Hackers attack Kaohsiung festival Web site

Defacement occurred despite exclusion of film from fest

TAIPEI, Taiwan -- Hackers on Monday posted vulgarities and pro-Chinese slogans on a Taiwanese film festival's Web site to protest plans to screen a documentary about an exiled Uighur activist accused by Beijing of inciting recent ethnic violence in China's west.

The cyberattack came despite a decision by Kaohsiung's government last weekend not to air "The 10 Conditions of Love" at its Kaohsiung Film Festival next month. The film is about U.S.-based World Uighur Congress leader Rebiya Kadeer, whom Beijing says was behind July riots that left nearly 200 people dead in China's Xinjiang province.

Kadeer has strongly denied the accusations that she incited that violence, which broke out between Muslim Uighurs and members of China's dominant Han ethnic group.

The film is scheduled to be screened, instead, Tuesday and Wednesday at the city government's Kaohsiung Film Archive. The city said it was pulling the documentary out of the festival and showing it earlier in an effort to end the controversy.

"We just want rows (over the film) to end as early as possible," Liu said. "We want to help everyone focus on the film festival itself," said Liu Shiu-ying, who is the director of the archive and supervises the festival.

Liu told The Associated Press her staff found the front page of the Kaohsiung Film Festival Web site replaced Monday afternoon with a digitally altered photo of Kadeer and exiled Tibetan spiritual leader Dalai Lama and some obscenities. She did not elaborate.

When an AP reporter viewed the site, the festival page was replaced with the altered photos showing the Dalai Lama with his arm on Kadeer along with crude language accusing the two of being sexually promiscuous and undignified. The Web site also included the phrase "anti-Xinjiang, anti-Tibet and anti-Taiwan independence. Fervently celebrate the motherland's 60th anniversary!" China will mark six decades of communist rule on Oct. 1.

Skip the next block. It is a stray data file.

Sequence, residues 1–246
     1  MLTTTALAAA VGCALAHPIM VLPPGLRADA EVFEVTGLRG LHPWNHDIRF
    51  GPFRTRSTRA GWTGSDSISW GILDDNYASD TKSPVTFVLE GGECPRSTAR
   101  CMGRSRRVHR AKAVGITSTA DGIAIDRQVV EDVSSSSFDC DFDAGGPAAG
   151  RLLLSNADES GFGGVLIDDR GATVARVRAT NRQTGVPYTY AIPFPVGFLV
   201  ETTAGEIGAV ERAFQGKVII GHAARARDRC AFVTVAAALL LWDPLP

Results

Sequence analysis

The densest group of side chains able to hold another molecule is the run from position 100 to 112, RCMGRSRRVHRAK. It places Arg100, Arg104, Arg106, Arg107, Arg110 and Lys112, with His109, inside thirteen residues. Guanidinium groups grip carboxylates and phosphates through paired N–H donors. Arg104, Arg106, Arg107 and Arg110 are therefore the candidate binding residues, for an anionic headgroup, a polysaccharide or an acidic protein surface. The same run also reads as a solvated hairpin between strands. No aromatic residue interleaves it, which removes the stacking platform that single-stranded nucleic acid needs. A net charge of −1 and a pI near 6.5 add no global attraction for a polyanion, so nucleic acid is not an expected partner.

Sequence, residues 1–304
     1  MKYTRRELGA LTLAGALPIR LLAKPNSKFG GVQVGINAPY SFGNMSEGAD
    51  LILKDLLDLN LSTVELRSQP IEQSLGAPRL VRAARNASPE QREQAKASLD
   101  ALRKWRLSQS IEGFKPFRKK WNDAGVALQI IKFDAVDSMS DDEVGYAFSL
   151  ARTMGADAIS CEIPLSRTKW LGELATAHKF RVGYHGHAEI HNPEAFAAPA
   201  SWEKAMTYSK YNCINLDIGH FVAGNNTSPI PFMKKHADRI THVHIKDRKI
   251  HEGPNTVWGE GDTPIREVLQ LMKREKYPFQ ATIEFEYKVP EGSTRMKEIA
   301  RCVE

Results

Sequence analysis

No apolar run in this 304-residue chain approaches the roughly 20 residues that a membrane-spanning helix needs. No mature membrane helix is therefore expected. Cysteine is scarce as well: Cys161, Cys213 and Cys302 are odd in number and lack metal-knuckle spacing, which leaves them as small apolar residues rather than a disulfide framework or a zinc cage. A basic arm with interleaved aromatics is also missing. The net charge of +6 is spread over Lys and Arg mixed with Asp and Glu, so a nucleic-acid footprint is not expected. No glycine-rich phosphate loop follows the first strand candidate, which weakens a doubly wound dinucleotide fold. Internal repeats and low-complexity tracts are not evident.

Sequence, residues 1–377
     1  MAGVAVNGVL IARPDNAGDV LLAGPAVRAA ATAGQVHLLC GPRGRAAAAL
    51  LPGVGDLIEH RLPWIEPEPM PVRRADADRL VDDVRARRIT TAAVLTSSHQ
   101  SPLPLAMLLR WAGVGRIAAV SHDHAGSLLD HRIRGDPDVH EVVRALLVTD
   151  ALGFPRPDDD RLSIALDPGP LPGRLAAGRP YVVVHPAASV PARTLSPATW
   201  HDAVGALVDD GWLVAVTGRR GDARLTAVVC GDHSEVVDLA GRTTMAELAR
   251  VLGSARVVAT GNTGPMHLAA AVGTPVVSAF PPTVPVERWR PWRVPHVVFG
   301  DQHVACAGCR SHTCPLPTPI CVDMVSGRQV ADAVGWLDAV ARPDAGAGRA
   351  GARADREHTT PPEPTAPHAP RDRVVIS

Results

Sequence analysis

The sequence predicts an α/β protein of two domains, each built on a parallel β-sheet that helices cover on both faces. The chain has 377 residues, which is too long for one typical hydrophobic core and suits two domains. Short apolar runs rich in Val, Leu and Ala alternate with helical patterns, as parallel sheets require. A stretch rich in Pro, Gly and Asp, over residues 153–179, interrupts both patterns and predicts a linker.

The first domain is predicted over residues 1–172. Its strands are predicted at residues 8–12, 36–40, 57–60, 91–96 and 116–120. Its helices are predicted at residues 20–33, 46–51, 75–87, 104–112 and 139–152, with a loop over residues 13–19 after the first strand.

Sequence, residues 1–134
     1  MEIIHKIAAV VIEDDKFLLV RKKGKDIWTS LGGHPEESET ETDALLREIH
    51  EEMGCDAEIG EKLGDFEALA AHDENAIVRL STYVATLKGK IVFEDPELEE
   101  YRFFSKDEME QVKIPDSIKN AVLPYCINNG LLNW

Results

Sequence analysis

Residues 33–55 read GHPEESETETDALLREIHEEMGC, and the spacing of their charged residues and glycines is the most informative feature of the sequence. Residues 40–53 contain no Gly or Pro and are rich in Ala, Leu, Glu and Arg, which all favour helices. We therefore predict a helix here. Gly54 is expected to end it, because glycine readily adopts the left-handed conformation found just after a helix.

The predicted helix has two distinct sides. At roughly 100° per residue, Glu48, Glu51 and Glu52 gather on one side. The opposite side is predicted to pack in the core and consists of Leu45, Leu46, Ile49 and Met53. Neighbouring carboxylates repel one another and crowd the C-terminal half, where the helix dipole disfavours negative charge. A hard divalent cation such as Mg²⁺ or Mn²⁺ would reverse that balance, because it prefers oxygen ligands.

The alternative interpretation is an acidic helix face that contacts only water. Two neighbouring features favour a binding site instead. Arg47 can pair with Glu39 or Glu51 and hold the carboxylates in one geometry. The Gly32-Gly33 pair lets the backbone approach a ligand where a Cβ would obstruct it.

A similar incident occurred last month when Kadeer attended a film festival in Melbourne that screened the documentary.

After festival director Richard Moore refused to scrap the Kadeer film, protesters posted a Chinese flag on the Web site as well as English-language messages demanding that festival organizers apologize to all Chinese for including Kadeer in the program. Four Chinese films also pulled out of the event.

Beijing has said the film "distorts the facts and glorifies a separatist," and warned the Kaohsiung municipal government against stirring up troubles in cross-strait relations, although it did not spell out the possible consequences of screening the film. Taiwan and China split amid civil war in 1949, but their relations have warmed recently.

But Kaohsiung is a stronghold for the opposition Democratic Progressive Party, which supports Taiwan's independence from China.

Local media have reported that tour operators have protested to the city government because they fear Chinese tourists may cancel their Kaohsiung trips over the film screening.
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